VALPARAISO, Ind. (AP) — President Barack Obama and his presumptive Republican challenger, Mitt Romney, can take a few lessons from veteran Sen. Richard Lugar's loss in Indiana's GOP primary.
Voters are unhappy with incumbents, an ominous sign for the Democratic president in a GOP-leaning state he won four years ago and for nervous lawmakers, many of them running in newly redrawn districts.
Tea party-backed Richard Mourdock's easy win over the six-term Senate fixture also illustrates the deep divide that persists in the Republican base and underscores the thorny task still ahead for Romney, and other GOP candidates hoping the party will unite in time to defeat Obama on Nov. 6.
"We are experiencing deep political divisions in our society right now," Lugar, 80, one of the nation's longest-serving senators, said in a statement after Tuesday's election results were known. "These divisions have stalemated progress in critical areas. But these divisions are not insurmountable."
The loss of Lugar — who boasted of strong conservative credentials but was lambasted by critics for working with Democrats — also highlights the degree to which deal-makers are becoming a rarity on a Capitol Hill often consumed by partisan gridlock. He follows Sen. Olympia Snowe, R-Maine, a moderate known for bipartisanship, in leaving the Senate at year's end. Others too, including former Sen. Evan Bayh, D-Ind., have left in recent years.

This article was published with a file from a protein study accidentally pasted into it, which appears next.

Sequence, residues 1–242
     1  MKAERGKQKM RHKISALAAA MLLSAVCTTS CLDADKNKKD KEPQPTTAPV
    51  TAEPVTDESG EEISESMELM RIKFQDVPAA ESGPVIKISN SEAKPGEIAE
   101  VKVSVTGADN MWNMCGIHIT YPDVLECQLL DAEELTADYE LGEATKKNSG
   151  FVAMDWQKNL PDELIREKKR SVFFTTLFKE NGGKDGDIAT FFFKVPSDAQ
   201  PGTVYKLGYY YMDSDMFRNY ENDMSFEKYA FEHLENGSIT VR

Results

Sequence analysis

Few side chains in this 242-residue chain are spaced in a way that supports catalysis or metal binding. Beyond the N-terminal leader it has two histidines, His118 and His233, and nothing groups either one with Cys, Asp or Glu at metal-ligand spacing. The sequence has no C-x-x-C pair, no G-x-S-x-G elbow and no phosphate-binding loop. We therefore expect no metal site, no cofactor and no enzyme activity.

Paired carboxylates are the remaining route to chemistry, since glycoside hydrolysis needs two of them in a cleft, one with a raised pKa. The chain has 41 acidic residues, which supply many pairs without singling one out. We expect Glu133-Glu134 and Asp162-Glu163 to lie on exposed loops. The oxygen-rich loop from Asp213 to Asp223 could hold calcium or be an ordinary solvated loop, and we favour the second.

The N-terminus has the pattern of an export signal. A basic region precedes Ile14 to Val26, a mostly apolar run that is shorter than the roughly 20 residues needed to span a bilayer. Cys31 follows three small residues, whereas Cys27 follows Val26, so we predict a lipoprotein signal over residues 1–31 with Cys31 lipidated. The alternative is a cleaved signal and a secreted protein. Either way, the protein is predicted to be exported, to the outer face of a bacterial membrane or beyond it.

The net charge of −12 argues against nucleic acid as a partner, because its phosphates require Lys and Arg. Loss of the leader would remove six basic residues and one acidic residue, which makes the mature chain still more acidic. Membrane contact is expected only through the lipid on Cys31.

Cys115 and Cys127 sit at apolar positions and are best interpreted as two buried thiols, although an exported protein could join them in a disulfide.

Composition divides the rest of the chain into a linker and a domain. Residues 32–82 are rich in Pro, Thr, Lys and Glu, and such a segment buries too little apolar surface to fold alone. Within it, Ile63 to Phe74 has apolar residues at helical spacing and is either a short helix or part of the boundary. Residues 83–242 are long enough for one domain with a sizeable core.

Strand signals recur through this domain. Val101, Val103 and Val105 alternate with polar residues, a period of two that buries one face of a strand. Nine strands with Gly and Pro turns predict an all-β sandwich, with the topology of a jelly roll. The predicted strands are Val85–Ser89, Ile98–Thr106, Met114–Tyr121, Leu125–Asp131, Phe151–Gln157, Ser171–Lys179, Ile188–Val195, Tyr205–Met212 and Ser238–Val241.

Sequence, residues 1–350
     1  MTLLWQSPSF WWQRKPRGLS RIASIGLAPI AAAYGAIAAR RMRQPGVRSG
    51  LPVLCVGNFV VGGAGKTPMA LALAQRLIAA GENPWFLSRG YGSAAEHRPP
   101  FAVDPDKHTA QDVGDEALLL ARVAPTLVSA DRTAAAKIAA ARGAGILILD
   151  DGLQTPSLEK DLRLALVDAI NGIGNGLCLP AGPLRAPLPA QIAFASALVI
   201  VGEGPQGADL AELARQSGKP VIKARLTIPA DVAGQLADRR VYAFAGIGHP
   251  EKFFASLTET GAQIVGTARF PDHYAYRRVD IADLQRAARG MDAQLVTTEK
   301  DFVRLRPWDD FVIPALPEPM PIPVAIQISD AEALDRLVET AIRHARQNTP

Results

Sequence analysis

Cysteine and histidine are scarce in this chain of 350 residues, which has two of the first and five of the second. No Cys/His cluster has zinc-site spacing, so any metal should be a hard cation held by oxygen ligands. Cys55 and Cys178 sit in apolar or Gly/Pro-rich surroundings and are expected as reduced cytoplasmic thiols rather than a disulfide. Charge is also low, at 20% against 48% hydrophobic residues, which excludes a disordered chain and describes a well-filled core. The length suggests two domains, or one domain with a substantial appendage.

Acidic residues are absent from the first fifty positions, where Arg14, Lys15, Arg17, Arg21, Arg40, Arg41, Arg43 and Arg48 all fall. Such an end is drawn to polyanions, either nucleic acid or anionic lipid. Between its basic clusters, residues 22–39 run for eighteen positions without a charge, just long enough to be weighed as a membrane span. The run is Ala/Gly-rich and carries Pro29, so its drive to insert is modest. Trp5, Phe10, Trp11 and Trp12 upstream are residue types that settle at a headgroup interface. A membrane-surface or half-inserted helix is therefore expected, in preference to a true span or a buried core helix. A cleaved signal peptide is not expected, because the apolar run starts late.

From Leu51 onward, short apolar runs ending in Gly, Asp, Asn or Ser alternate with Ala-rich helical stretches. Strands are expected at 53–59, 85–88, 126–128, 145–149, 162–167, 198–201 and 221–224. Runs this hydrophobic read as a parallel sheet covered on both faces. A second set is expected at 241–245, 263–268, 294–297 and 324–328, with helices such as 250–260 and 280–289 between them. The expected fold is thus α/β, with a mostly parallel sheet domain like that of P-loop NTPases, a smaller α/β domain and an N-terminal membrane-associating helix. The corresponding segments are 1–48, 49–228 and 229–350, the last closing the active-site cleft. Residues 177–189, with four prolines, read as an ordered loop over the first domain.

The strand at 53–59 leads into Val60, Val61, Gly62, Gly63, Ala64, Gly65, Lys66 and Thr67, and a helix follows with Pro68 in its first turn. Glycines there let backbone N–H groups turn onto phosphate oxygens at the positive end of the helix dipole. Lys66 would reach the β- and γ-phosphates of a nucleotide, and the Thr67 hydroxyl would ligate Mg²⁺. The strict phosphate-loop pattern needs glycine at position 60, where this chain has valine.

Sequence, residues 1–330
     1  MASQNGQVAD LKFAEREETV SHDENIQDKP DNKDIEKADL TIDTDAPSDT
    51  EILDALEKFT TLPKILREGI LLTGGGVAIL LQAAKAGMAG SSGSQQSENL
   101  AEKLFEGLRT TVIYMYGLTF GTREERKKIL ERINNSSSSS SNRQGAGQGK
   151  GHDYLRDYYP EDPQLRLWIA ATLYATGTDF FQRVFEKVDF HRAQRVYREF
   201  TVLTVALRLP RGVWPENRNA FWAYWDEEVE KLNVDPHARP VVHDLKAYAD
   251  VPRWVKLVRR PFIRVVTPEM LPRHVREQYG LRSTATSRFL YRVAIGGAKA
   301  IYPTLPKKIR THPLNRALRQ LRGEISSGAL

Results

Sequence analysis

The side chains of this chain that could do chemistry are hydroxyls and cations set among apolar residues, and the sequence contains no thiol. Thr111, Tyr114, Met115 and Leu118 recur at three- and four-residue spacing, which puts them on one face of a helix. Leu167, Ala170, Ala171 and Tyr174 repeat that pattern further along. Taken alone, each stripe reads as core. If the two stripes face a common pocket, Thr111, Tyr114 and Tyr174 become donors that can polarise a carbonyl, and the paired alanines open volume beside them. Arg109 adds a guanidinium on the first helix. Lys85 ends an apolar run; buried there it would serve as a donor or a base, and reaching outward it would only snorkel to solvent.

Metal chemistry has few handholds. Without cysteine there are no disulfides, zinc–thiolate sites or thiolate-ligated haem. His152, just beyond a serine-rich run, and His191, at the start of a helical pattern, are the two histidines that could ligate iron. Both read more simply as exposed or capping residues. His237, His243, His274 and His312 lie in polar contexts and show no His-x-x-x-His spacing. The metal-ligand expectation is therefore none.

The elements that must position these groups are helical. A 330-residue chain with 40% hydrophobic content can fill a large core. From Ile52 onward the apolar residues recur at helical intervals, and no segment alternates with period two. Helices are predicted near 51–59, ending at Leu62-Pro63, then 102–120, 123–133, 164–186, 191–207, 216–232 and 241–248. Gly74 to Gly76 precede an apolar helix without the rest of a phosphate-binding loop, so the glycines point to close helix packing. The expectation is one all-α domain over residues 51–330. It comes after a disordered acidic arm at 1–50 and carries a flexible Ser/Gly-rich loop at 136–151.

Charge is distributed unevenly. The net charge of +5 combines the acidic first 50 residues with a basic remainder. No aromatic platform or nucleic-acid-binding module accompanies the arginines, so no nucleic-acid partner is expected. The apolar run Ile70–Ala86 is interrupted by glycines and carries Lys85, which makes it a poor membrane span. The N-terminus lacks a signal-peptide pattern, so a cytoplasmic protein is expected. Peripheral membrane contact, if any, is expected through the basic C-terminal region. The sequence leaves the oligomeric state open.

Ultimately, it was Lugar's efforts to cross party lines and his longevity in Washington — two issues Mourdock used against him — that proved too much for Indiana Republicans.
"Sen. Lugar has sided too many times with the Democrats," Stacy Rutkowski of Valparaiso, who voted for Mourdock, said on her way out of her polling place. "He's been there six terms, and it's time for some new blood."
A few hours after conceding, Lugar slammed Mourdock for embracing "groups whose prime mission is to cleanse the Republican Party of those who stray from orthodoxy as they see it."
"This is not conducive to problem solving and governance," Lugar said. "And he will find that unless he modifies his approach, he will achieve little as a legislator. Worse, he will help delay solutions that are totally beyond the capacity of partisan majorities to achieve."
Broadly, Lugar's defeat may create an opportunity for Democrats working to keep a narrow four-seat majority in the Senate. National party leaders vowed to help centrist Democrat Joe Donnelly, a three-term House member from South Bend, compete against Mourdock, the conservative state treasurer, in a Senate race the party otherwise would have bypassed.
But whether Democrats follow through with that pledge — and go all in for Donnelly by spending large sums of money in the race — is an open question. Indiana has been a hard place for Democrats to win. Four years ago, Obama became the first Democrat to carry the state in a presidential election since 1964, and he did so by a single percentage point, turning out vast numbers from the Chicago-influenced urban and industrial region in Indiana's northwest.
Democratic Senatorial Campaign Committee spokesman Matt Canter said the race, with Lugar out, "could move in a more competitive direction." The group and a political action committee that supports Democratic candidates began attacking Mourdock even before the polls were closed. Both described him as out of step with not just mainstream Republicans, but mainstream voters.
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